17 December 2014

Looking at the Financial Services market in 2015

The last 6 ½  years, across the financial services sector, has been tough. Feelings of doom and gloom, how bad things have been, the ‘ good old days’ have gone and are never coming back, the list goes on.  Over the last 6 months I have met some organisations, and some Interim Managers, who are more optimistic about the general Financial Services industry. Topics that are still being talked about are; risk and compliance, managing headcount reductions, transformation and change associated with disruption. However these topics are still ONLY being talked about!

When I look to the market in 2015 I see much more confidence because it feels like the tide has changed. If the consensus of our client population is to be believed the next few years will be about growth. The pessimists and naysayers will never go away but they are becoming the minority and they have certainly had their time in the spotlight. Companies need to push on and give customers peace of mind.

I am optimistic because; regulation and compliance is here to stay, that in itself is not the reason for my rise in confidence. The well organised, forward thinking businesses have this under control, they have risk and compliance experts and see this element of financial services as ‘ business as usual’. No longer should it be scary or make board members shudder when they hear about some new strangely titled regulation that is seen to hinder the growth, it is rightly embedded within a financial services business and it is here to stay.

Almost all companies are leaner and more efficient, they have invested in the right skills over the past few years, they have gone to market and now have the right blend of people from the top down that have guided and reshaped the business.  There has been an emphasis on retaining key skills and we have seen automation playing its part more than ever. We have started to see the rise of the ‘Bots’.  The blend of skills are important and come from the ‘ old guard’ who have stayed loyal (or hung in there), and also from Interim managers working with the board. These skills, coupled with input from the largest consultancies (apparently worth £1.8 billion in 2014 within financial services) have been able to drive these businesses forward in trying times.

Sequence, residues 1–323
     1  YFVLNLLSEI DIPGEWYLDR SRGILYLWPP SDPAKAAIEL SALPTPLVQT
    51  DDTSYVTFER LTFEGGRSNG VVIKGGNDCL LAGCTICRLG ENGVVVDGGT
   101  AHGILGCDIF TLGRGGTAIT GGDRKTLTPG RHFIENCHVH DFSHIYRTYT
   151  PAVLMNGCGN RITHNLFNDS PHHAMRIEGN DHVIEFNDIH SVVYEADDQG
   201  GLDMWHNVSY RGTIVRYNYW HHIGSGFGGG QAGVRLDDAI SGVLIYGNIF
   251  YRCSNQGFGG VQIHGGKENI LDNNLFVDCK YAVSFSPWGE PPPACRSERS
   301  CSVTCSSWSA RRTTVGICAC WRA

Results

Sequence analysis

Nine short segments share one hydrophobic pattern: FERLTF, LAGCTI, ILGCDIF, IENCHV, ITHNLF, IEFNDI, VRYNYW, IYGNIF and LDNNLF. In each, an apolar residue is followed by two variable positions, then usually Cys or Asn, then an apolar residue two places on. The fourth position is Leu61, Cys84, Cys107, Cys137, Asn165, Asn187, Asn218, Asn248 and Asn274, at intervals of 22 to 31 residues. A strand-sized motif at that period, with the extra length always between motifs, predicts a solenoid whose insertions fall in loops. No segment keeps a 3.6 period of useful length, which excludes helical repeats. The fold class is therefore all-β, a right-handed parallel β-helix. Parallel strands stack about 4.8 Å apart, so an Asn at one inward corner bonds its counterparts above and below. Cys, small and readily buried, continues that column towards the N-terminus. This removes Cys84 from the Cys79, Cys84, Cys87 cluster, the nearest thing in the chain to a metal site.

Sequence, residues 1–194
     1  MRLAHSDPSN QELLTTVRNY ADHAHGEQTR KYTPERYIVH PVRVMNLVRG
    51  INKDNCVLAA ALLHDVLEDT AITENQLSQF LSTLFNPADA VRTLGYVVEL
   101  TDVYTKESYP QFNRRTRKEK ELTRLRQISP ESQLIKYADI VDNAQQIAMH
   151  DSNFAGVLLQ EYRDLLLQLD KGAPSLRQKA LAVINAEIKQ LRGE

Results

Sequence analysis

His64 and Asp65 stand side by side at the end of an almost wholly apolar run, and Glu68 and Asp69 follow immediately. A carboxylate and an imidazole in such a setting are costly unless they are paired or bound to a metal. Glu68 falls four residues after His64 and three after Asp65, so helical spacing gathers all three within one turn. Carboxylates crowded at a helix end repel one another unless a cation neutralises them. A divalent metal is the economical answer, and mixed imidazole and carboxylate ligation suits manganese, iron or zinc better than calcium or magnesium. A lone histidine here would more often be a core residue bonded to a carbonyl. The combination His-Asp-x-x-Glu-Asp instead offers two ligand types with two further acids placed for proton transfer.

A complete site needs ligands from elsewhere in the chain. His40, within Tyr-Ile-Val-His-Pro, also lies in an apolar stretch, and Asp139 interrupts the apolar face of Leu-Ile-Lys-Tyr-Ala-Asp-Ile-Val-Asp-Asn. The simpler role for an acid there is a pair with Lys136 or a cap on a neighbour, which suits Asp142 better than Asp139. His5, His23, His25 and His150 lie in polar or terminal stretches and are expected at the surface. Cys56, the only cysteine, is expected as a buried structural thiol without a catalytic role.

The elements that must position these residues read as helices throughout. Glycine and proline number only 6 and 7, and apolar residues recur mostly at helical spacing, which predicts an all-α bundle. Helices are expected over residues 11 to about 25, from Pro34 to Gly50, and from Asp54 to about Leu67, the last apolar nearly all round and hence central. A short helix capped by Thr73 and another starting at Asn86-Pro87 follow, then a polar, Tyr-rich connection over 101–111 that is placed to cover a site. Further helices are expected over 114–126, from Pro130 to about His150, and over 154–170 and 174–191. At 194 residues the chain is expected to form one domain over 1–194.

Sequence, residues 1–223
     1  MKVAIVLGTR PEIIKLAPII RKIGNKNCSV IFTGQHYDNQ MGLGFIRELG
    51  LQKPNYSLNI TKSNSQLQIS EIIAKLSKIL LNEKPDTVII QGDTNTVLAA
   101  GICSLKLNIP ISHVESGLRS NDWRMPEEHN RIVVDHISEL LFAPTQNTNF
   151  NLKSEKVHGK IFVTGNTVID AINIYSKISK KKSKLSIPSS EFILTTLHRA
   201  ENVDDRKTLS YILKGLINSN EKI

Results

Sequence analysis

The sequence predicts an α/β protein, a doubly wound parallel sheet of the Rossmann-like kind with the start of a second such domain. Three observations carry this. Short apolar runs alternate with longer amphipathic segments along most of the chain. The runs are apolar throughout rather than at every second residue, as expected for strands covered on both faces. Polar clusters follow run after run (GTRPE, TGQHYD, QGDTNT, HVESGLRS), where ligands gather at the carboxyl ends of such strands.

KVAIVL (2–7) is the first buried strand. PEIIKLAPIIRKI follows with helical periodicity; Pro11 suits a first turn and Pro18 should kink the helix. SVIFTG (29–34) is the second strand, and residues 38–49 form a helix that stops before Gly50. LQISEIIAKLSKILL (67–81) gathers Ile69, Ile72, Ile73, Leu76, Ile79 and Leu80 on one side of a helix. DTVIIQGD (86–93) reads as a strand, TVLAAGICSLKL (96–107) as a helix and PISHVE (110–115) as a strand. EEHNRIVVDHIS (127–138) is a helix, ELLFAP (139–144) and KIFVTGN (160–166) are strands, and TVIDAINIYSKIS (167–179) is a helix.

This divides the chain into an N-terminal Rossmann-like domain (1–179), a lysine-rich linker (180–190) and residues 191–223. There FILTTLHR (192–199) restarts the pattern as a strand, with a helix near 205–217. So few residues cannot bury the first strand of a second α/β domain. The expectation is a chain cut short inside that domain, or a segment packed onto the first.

I see 2015 as a time for sales, value add, driving revenue and focussing on service to the customer. This will be the focus for most companies (who have their house in order) as they will be ready to execute and push on.  Change is already happening as evidenced by the last 6 months within financial services, this has been hugely exciting, and a relief.  The retail banking sector is starting to take shape, how we pay for goods as a consumer has moved  onto our mobile devices, the competition is really starting to hot up.  The market is taking shape and as a consumer we want more choice than we have ever had, the customer wants the best service and loyalty no longer has such a big sway in our decision making process.  It’s not about what is cheapest it’s about what suits the customers lifestyle.

As the UKs leading interim provider this has resulted in a greater requirement for our interim managers. There is an opportunity for interims to work more closely with the consultancies on site (did I mention earlier that the consultancy market within financial services is worth £1.8 billion in 2014?). It is clear from speaking with organisations and interims that the main consultancies deliver exceptional pieces of work but execution has been their biggest downfall and the cost of poor implementation is great on all levels especially staff engagement and the fallout it causes when a programme isn’t delivered correctly. The biggest loser is the customer, and the customer will not put up with it anymore.  What has been interesting in 2014 is that we have seen more and more interims ‘white labelled’ by the consultancy firms because the senior skillsets have not been available to the consultancies as they win more and more projects.  For the record, I do think white labelling as an interim is the wrong path to go down as it’s about building your own brand as an Interim Manager.  I think many interims will share with me the power of working along-side the consultancies is one thing but more importantly having the clients goal as their number one priority is the difference and this is where the value add is and what the client really wants .  Consultancies bring you the strategy and Interims bring you the delivery you require alongside keeping harmony in the team. There is no ulterior motive or upselling.

Next year is full of exciting projects for Interims if they are engaged correctly.  The challenges will vary from client to client, if you are a big bank or large financial services institutions then the priority will be hugely different to the disruptors in the market. I expect the major theme should be driving sales and focussing on customer acquisition as this will be paramount. What this will mean for Interims is an incredibly exciting market and the opportunities should spread across all functions that focus on the challenges that come with growth.

If you would like to learn more about Tim or his work, please do visit his profile.

Categories: Financial Services


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